- You'll have your own problems to worry about. Putting Europe aside, America wouldn't intervene because in the wake of a European collapse would likely be an entire worldwide collapse. I would be very surprised in such a scenario that America would still be able to field and fortify its military positions all over the world. Indeed, it'd probably be forced to withdraw its worldwide forces not only because it would be nigh impossible to hold them where they are stationed, but because the disaster will likely result in civil unrest if not outright civil war in America itself.

All things considered, while the concern of our American friends is heartening, it is impractical and probably not in their best interests to be concerned. Europe's socio-political experiment will fail, and probably fail spectacularly, but America and Americans cannot do anything to help the situation.


  1. I didn't realise so many Americans were worried. Well, if there's nothing we can do about it then there's definitely nothing America will be able to do about it.

  2. Not all Americans are as concerned as they seem but at the moment events in Europe are a convenient scapegoat for American problems. President Obama (peace be upon him) promised to solve our economic woes. Alot of people stupidly believed him and now that he has not, one of the main tactics to defect blame from the President is to point to Europe. Many on the right of the political field, particularly the Libertarians, would like to have nothing whatever to do with Europe and focus on the $15 trillion debt in the USA. As Mark Steyn has been saying, not only is America broke, America is the brokest nation in history.

  3. I am an American and honestly I would say that 15% of Americans care about Europe. and we wouldn't get involved in a european war and if we did we would help italy, the uk, germany or france the population would allow nothing else but on the real you guys are pretty much on your own we have the middle east and africa to deal with.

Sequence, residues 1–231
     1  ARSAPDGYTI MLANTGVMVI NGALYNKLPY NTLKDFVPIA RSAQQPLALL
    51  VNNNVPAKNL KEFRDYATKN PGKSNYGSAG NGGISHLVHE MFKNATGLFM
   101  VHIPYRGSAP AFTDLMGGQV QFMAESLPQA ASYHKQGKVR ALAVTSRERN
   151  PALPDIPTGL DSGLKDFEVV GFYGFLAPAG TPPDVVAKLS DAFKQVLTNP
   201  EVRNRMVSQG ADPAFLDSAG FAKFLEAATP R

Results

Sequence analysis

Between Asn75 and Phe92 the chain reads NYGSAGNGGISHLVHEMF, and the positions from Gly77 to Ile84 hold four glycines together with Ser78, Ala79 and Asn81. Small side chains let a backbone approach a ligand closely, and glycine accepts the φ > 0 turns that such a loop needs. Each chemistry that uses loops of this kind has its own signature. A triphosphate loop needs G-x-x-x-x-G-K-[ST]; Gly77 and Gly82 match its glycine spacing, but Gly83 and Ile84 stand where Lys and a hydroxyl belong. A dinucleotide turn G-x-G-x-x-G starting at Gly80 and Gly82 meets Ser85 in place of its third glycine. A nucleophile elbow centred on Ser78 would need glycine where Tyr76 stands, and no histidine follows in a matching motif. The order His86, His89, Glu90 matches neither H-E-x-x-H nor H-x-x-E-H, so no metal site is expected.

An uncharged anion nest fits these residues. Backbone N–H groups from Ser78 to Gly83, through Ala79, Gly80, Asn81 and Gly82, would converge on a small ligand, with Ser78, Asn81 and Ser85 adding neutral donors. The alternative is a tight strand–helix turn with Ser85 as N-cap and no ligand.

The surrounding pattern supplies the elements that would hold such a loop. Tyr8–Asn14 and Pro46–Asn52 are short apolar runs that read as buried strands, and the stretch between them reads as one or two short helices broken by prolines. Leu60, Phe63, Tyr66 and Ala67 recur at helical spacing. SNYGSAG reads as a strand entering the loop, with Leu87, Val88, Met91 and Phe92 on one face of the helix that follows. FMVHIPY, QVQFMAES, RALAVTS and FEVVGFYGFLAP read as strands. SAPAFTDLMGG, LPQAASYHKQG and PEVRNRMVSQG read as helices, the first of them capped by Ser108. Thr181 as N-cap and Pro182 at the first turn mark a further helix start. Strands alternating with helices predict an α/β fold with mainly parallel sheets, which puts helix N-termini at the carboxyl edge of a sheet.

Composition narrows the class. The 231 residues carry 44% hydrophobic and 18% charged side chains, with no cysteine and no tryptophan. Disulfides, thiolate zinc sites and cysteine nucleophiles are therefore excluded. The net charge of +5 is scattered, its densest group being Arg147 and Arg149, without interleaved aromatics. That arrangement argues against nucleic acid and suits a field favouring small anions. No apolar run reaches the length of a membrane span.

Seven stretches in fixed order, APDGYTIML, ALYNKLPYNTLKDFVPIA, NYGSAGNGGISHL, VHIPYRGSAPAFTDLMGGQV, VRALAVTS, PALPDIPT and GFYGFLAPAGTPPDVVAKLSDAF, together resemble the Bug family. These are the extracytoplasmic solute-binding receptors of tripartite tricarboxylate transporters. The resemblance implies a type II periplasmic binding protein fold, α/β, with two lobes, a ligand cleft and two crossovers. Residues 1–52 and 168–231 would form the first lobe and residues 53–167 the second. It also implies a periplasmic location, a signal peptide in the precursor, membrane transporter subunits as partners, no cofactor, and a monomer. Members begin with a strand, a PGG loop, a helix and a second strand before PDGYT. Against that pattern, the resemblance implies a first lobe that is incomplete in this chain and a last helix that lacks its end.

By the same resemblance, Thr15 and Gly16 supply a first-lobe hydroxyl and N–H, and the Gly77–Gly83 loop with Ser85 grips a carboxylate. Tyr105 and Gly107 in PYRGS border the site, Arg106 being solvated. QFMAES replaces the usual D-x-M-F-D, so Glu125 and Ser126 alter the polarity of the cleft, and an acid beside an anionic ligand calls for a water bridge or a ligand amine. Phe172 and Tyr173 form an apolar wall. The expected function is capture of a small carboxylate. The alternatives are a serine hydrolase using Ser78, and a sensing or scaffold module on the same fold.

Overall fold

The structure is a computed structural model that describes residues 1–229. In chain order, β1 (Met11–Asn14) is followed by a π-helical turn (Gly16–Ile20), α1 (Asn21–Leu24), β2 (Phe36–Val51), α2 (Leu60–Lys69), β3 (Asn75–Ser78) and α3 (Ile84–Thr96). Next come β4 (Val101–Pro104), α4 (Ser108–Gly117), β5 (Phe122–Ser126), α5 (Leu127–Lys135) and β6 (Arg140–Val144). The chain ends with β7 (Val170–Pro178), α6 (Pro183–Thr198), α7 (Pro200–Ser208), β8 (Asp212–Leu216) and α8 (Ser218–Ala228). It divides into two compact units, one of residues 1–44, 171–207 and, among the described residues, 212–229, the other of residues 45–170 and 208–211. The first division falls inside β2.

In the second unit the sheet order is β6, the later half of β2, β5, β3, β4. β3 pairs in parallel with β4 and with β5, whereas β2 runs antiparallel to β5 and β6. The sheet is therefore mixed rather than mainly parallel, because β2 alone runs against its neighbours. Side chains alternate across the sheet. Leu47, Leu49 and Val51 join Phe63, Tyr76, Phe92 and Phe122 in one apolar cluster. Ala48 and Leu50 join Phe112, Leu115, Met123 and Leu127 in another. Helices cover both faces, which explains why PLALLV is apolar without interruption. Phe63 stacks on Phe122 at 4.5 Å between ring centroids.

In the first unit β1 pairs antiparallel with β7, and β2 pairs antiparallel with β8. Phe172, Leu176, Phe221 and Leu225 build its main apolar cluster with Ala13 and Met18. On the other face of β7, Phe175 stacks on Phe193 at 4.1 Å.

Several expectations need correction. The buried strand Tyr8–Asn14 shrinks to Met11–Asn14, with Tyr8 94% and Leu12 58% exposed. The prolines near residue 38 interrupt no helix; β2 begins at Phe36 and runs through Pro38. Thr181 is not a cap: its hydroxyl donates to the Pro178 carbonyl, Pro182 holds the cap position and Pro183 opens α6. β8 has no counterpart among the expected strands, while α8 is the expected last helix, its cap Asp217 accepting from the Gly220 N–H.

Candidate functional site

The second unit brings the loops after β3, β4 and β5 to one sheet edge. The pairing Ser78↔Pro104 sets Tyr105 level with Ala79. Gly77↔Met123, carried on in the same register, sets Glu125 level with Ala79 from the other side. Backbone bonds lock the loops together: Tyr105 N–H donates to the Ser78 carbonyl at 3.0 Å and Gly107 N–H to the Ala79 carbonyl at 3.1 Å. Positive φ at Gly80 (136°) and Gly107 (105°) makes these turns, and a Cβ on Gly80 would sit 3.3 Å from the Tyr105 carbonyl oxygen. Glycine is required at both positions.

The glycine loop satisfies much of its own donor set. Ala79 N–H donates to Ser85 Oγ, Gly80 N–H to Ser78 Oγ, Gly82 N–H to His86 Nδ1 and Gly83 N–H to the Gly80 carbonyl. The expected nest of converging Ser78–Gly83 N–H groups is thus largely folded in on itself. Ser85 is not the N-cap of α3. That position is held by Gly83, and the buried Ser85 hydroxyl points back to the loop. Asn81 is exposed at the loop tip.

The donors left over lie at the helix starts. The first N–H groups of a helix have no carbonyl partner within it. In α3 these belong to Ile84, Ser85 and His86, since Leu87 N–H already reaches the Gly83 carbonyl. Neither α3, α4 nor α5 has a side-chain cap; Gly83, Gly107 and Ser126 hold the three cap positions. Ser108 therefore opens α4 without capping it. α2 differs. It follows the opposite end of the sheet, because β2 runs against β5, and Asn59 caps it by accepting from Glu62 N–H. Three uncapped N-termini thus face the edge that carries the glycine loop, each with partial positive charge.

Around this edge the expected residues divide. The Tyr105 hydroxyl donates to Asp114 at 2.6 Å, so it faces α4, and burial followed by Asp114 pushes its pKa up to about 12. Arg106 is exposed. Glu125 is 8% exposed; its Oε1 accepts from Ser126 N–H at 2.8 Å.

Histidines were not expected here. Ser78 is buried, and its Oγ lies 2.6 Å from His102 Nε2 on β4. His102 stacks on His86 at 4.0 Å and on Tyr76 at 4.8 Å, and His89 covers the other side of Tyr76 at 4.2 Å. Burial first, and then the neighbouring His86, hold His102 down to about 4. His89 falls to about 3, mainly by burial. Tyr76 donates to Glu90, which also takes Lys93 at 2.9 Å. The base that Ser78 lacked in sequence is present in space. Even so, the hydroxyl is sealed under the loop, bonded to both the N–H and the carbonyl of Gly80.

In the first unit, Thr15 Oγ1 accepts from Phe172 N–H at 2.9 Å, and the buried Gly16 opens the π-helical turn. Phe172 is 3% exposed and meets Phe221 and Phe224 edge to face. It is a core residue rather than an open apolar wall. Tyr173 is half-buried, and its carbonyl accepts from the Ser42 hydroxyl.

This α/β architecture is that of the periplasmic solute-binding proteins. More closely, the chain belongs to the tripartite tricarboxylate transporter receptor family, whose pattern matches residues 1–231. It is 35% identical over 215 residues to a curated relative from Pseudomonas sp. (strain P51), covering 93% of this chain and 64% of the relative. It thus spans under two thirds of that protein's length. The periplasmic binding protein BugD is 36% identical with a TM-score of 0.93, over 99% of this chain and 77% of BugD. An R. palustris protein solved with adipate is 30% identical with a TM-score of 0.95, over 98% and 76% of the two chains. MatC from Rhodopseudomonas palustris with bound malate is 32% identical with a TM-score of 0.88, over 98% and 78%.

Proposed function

1. Africa? What the hell is America's interest there? If you're referring to Libya, Europe is knee deep there too.

  4. I predict the end of the west in the coming 20 years. It is inevitable. What really counts is if, and how we rebuild. If for example, France comes back in 2050. And celebrates its culture and heritage, whilst ditching division and multiculturalism, then it will be reborn. If it simply returns with the same old policies then it is doomed to repeat its mistakes. These are interesting times gentlemen, keep your eyes on the headlines!

    1. I'd tend to agree. Your comments bring to mind Guillaume Faye's thoughts on our present 'convergence of catastrophes'. By no means am I an uncritical fan of Faye's perspective (I'm more partial to Pierre Krebs), but he's an important voice. And I can see no prospect for France unless more Frenchmen of his ilk - or his better, preferably - coming to the fore.

      For those unfamiliar with Faye's writings, you can read an interview with the man here:

  5. I believe i have found a prophecy about the Great Monarch to come in the, Lady of All Nations, 6th MESSAGE January 3, 1946 read more >>

    1. It may not necessarily be the Great Monarch but it could be. One way of looking at it is a restoration of the French Bourbon Dynasty.

  6. One American's response.

    One: I think that most Americans are pretty well aware of the ludicrous amount of interference we have had throughout Europe. We (that is to say, the overwhelming majority of "us") just don't see it as a problem and we honestly believe it is our destiny to "help" everyone else. There is a diseased religion over here called "American Exceptionalism" that plagues most of us, where we forget that just about everything good about our country's foundation was inherited from our European ancestors. It goes well beyond simple national pride. It is even prevalent among the majority of us who advocate stopping our interference in European affairs.

    Two: I can't argue with your points on this one. We seem to be in a race to see which currency will collapse first.